An Easy Approach to DIY Drip Irrigation
Assembling this watering system yourself saves time and money
When my wife and I planted our gardens in Sandy, Utah, we knew we’d have to somehow irrigate our plants. For several years, we watered with a hose and sprinkler, but that got old in a hurry. We considered in-ground sprinkler systems, but they seemed costly and wasteful of water. Then I learned about the merits of drip irrigation. With a series of carefully placed emitters, water could be delivered right to the root zones of plants. And we could enjoy the convenience of a permanent watering system.
Water is a finite natural resource. As populations increase in North America, many areas are facing water shortages and periodic droughts. These crises make a water-thrifty garden-irrigation system an attractive tool. With a drip system, my plants thrive with less water. Keeping water off foliage also cuts down on fungal diseases. When I occasionally use foliar fertilizers, they aren’t washed off when the system kicks in. And because only the plants that I want get watered, far fewer weeds pop up.
Flexible parts make it simple to construct
Think of a drip-irrigation system as an upscale soaker hose. But instead of water spraying out every 2 inches, it can seep out every foot—or maybe every 3 feet—drip by drip. With a little planning, those drips can line up with the root zones of plants.
Drip-irrigation parts snap together like modular toys and can be adjusted as your garden changes. You’ll need a filter, water-pressure reducer, emitters, and 1/2- or 5/8-inch-diameter flexible polyethylene tubing—also known as the submain. You may need a backflow preventer if it’s required by your municipal water department. Optional parts include 1/4-inch-diameter solid tubing, 1/4-inch-diameter drip line, connecting tees, 90-degree elbows, connecting barbs, hold-downs to keep tubing in place, goof plugs to fill holes you decide not to use, timers, and fertilizer injectors. You can buy these parts at hardware stores or garden centers or from companies specializing in irrigation systems. Parts from different manufacturers are almost always interchangeable.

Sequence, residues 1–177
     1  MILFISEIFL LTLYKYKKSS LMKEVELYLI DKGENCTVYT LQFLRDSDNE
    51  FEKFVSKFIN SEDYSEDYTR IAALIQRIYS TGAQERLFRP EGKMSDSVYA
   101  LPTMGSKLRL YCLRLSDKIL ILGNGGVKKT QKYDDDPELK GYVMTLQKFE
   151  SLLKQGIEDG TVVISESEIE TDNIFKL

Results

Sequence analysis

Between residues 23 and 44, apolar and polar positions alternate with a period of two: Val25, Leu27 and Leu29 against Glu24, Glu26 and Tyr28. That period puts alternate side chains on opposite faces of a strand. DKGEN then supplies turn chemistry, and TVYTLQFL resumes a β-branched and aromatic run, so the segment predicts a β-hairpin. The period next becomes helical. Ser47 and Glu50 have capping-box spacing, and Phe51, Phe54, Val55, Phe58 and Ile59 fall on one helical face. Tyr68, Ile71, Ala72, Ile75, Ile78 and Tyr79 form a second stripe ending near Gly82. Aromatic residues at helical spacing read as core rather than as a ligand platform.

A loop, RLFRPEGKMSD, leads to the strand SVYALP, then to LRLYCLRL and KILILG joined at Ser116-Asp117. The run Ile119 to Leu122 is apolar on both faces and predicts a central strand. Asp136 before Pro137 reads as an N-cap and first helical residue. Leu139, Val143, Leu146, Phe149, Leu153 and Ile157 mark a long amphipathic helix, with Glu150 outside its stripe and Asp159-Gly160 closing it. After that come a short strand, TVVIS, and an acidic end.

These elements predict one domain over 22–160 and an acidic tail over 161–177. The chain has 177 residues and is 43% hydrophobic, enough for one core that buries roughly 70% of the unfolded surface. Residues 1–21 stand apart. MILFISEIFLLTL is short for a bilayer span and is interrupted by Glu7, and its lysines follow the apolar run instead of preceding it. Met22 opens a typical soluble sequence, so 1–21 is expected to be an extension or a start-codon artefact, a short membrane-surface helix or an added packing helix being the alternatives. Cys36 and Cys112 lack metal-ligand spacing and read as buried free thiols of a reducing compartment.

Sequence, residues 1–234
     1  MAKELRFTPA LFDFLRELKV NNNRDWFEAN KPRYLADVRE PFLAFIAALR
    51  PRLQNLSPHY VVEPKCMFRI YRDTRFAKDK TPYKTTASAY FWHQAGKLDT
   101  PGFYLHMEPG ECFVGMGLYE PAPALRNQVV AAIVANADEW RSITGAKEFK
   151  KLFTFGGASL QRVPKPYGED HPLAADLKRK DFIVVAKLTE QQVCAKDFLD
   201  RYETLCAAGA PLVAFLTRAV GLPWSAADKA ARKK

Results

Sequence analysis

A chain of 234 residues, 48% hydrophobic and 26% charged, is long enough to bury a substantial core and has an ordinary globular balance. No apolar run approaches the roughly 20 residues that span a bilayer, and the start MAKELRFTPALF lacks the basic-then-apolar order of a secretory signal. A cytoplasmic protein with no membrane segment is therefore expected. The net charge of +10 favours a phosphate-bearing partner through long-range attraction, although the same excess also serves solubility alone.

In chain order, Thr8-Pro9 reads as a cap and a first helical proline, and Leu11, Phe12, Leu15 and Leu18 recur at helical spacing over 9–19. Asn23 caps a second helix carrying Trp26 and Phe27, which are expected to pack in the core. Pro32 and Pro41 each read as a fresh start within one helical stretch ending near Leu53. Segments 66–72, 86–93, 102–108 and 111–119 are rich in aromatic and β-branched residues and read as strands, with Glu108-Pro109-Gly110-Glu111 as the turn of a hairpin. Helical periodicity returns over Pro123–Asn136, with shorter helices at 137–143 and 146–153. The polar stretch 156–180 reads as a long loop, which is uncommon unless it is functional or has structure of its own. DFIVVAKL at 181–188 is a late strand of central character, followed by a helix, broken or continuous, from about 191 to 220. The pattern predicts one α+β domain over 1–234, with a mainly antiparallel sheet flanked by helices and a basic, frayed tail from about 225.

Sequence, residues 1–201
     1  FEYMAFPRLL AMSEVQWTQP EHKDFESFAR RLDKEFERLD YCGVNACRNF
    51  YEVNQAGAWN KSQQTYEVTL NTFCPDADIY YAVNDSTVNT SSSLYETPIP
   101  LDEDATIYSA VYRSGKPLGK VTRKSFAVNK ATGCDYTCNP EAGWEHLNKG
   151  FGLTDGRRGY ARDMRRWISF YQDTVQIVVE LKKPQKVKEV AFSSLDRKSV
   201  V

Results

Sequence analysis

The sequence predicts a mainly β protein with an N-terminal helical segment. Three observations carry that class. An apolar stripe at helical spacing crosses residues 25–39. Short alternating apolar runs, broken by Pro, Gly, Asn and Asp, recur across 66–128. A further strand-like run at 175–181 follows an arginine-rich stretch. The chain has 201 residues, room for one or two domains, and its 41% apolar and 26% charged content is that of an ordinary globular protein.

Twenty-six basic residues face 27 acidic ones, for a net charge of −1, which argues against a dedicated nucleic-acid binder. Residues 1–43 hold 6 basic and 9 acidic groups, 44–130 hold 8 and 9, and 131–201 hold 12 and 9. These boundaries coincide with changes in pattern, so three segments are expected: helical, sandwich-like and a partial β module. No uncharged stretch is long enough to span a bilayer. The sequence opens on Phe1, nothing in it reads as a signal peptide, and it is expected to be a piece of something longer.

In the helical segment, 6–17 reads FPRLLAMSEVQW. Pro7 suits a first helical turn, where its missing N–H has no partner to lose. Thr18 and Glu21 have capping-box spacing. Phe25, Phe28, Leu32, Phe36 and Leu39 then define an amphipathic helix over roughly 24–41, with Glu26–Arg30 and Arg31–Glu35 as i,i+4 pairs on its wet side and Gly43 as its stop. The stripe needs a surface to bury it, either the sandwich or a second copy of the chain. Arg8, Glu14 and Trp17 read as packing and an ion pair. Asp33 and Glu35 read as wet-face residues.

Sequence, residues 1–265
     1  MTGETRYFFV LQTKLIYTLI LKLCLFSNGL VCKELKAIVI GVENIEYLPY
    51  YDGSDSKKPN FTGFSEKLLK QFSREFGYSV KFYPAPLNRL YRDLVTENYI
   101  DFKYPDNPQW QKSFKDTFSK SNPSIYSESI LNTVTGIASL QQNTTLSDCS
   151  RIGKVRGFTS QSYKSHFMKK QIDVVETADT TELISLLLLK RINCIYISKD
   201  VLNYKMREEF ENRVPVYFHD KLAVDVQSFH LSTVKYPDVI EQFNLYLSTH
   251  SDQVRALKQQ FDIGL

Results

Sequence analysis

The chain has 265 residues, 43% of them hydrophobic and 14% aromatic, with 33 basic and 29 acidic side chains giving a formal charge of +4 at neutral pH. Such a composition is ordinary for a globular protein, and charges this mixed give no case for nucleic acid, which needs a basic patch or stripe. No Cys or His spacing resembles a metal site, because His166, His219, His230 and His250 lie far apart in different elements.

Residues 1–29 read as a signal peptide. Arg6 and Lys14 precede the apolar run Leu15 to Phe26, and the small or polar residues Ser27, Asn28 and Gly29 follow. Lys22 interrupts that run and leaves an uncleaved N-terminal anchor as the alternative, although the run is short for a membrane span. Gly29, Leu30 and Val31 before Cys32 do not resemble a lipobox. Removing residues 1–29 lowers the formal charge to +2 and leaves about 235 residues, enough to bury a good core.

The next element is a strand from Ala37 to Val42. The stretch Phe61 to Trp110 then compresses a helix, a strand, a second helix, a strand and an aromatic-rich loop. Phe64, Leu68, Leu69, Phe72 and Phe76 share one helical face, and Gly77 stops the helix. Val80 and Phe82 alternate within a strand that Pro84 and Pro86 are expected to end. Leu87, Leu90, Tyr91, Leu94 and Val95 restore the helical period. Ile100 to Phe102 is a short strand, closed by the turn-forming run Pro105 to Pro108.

System costs are reasonable. You could cover about 250 square feet with drip irrigation for $20 to $50 in parts, not including a timer. For installation, all you need are strong shears to cut the tubing and a 16-penny nail or commercial punch to poke holes in the submain for the emitters and 1/4-inch-diameter tubing. You can bury the submain just below the soil, or leave it on the surface and cover it with mulch. Either way, I try to run it along the edge of a bed so that I won’t accidentally disturb it. The 1/4-inch-diameter tubing can also be buried, but leave drip lines on the surface so that the emitters don’t clog with soil. I use a combination of buried and mulched lines in my garden, so only small emitters are visible here and there.
There are two critical points to keep in mind. First, drip irrigation works on low pressure—from 10 to 30 pounds per square inch (psi). Water pressure at hose spigots, however, runs anywhere from 50 to 100 psi, so you need a pressure reducer on every drip-irrigation circuit. Second, as a conservative rule of thumb, any one drip-irrigation circuit can handle only about 225 gallons per hour (gph), so you’ll need to calculate the total gph for all emitters on each drip circuit to make sure they don’t exceed this amount. Each emitter has its own rating, so simply add up the numbers.
How to: Overwinter your system
Maintenance for a drip system is fairly simple. If you live where it freezes in winter, disconnect the line from the spigot in the fall and take the backflow preventer, pressure reducer, and filter inside. The other tubing is flexible and should not split if frozen. Tie plastic wrap over the end of the submain.